Innovating the Toolkit

At InnovateK12 we are used to courageous leadership.

We are used to innovative thinking.

So we weren't surprised when Laura Moore, Instructional Leader in the Research & Design Lab at Upper Arlington High School, inquired about a creative way to use the InnovateK12 Toolkit.

Upper Arlington City Schools had already run their high school staff innovation event, "The Idea Hunt", in the fall and so I was intrigued, and excited to work closely with the UA team again.

Laura wrote in her email to us:

"Another idea emerged yesterday. As you know, we are building a new high school. With that comes the process of selecting furniture. Our architects met with Andrew [Principal, Upper Arlington High School] and our central office staff, and brainstormed ideas about how to elevate student voice in the selection of furniture. They suggested doing a visioning activity with our student innovation team. Because of how supportive Andrew is of the InnovateK12 Toolkit, he threw out the consideration of putting the student innovation team recommendations into a pairwise event that would be open to 7th, 8th, 9th and 10th grade students. It was an entirely new approach, but they supported it, so I wanted to reach out and get your thoughts."

One thing I really love about InnovateK12, is that we get to try new things all the time.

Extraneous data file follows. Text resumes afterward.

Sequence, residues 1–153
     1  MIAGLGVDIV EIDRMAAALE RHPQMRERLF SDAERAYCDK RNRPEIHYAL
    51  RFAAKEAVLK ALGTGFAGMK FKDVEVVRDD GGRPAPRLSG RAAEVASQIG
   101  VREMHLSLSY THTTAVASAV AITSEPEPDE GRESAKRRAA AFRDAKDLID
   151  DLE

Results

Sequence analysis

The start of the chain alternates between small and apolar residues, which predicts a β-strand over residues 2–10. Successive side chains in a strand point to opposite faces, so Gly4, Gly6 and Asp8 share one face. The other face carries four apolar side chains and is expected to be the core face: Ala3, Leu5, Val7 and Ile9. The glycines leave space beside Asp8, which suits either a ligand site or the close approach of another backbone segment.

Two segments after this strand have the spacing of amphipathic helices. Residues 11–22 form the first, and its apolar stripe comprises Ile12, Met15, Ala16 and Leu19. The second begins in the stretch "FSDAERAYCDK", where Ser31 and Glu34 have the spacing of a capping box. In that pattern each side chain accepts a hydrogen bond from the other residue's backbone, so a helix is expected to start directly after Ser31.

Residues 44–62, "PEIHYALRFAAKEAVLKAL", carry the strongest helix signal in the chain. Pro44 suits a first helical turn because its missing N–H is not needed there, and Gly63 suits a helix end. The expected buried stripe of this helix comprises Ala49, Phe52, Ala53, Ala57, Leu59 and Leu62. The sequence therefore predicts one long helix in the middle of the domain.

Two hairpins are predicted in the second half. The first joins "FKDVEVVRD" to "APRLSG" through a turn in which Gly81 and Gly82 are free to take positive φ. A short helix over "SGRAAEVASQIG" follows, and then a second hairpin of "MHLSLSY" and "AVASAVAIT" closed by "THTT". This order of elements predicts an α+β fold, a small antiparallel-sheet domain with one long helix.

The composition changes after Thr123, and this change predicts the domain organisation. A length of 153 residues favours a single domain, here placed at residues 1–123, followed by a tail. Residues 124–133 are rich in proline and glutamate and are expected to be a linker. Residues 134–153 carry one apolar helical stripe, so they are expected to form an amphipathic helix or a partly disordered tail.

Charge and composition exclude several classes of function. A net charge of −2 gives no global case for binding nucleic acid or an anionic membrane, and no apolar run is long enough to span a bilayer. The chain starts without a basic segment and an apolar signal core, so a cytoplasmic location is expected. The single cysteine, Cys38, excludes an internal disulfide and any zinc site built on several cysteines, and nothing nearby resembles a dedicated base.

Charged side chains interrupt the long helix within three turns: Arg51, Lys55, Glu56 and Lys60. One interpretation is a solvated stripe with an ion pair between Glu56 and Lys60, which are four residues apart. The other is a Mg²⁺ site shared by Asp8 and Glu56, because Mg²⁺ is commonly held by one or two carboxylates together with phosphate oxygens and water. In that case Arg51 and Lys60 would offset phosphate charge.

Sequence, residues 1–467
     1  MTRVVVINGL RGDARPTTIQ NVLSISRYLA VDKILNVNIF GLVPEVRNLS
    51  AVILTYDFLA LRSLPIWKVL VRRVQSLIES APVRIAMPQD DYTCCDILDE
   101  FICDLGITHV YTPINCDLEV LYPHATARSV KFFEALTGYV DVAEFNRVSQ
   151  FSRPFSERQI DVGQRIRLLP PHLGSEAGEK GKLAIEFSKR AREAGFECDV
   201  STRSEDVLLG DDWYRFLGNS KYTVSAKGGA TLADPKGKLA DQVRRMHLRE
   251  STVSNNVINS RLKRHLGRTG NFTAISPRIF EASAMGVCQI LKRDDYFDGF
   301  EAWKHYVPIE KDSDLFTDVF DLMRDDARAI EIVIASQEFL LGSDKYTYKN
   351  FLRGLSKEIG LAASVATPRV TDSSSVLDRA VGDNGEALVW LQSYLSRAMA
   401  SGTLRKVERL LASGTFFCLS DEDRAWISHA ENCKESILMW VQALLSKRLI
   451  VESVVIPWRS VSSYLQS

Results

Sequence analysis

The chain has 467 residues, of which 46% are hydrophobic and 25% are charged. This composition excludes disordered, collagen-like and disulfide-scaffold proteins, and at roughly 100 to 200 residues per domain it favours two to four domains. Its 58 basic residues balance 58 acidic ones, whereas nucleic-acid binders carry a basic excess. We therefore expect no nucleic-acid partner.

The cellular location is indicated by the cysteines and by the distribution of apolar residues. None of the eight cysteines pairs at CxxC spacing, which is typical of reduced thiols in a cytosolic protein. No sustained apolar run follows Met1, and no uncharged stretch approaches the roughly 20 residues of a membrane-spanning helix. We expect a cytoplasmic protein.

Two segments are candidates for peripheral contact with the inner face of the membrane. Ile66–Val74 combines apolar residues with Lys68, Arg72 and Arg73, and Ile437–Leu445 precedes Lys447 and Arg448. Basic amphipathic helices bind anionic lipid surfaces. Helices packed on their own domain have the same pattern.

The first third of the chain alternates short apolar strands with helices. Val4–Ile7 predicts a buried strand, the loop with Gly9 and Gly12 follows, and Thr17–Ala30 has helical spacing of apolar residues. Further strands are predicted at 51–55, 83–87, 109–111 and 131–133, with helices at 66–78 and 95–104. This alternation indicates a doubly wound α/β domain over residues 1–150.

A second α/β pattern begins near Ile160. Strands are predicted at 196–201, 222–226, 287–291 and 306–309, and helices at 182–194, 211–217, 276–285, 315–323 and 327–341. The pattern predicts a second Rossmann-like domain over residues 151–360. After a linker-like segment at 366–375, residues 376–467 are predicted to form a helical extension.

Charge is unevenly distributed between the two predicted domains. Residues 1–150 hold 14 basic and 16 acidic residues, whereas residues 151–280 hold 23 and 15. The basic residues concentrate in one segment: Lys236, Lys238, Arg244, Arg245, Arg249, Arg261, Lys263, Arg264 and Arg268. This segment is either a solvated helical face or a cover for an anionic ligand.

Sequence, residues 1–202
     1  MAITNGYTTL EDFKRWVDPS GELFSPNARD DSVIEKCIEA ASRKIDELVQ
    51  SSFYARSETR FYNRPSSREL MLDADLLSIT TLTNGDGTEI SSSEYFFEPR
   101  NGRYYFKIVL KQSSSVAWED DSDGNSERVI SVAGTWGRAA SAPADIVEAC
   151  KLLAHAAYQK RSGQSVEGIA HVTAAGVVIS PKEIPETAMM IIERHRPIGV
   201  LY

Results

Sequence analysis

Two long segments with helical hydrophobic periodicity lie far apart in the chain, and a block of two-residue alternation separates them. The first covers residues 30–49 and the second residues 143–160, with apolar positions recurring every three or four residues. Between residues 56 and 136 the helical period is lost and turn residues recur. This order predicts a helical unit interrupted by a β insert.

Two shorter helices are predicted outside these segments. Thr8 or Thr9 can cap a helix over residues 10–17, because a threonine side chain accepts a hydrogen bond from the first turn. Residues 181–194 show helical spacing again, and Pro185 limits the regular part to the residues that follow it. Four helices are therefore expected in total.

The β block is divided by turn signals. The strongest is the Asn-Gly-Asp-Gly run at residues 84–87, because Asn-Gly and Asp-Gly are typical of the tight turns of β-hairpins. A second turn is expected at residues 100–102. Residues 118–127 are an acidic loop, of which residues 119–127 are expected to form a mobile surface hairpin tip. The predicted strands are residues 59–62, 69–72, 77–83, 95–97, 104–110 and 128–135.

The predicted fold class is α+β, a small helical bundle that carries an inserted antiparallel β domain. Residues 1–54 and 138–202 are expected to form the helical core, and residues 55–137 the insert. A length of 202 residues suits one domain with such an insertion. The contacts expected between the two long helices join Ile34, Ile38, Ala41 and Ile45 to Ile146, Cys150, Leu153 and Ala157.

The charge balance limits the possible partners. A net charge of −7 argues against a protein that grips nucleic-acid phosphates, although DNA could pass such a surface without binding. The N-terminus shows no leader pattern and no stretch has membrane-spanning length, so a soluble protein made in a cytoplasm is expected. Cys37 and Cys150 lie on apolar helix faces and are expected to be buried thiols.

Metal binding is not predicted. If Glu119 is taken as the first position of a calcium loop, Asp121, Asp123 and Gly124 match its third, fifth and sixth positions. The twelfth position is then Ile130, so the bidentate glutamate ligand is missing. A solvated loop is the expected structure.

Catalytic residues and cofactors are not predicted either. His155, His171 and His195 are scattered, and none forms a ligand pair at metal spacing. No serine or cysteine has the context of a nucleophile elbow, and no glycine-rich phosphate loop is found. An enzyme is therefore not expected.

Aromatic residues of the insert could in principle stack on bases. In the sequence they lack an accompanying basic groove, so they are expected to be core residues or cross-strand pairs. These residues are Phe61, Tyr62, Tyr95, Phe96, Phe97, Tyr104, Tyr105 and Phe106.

This was Eric's response:

We quickly replied to Laura that we love their thinking and would be happy to tweak the InnovateK12 Toolkit to meet their innovative request. The turn-around time was quick but while a typical event includes a submission phase where participants enter their own ideas, we would pre-load all of the furniture options into this "Furniture Hunt". Then, once students logged in, they would only see a voting phase.

This was easy enough and seemed to be a great way to elevate student voice in the design of their learning environment.

Imagine this:

The voting event included two categories of furniture:

And when students logged in, this is what they saw:

Ultimately, this unique, quick turn-around event became a high engagement event.

Two Week Pairwise Voting Event

775 NEW Student Participants in Grades 7-10

71 Furniture Images Uploaded to Event

26,257 Pairwise Votes Cast

The results were fun to see. I love that the three last place items look like our schools today.

And finally, check out the top furniture from each category:

Kudos to Upper Arlington City Schools, Andrew Theado, and Laura Moore for advocating for student voice (#stuvoice) and thinking creatively on how to get as many students involved in the feedback process as possible. Your new high school is going to be beautiful and the students will feel immediate ownership of the space.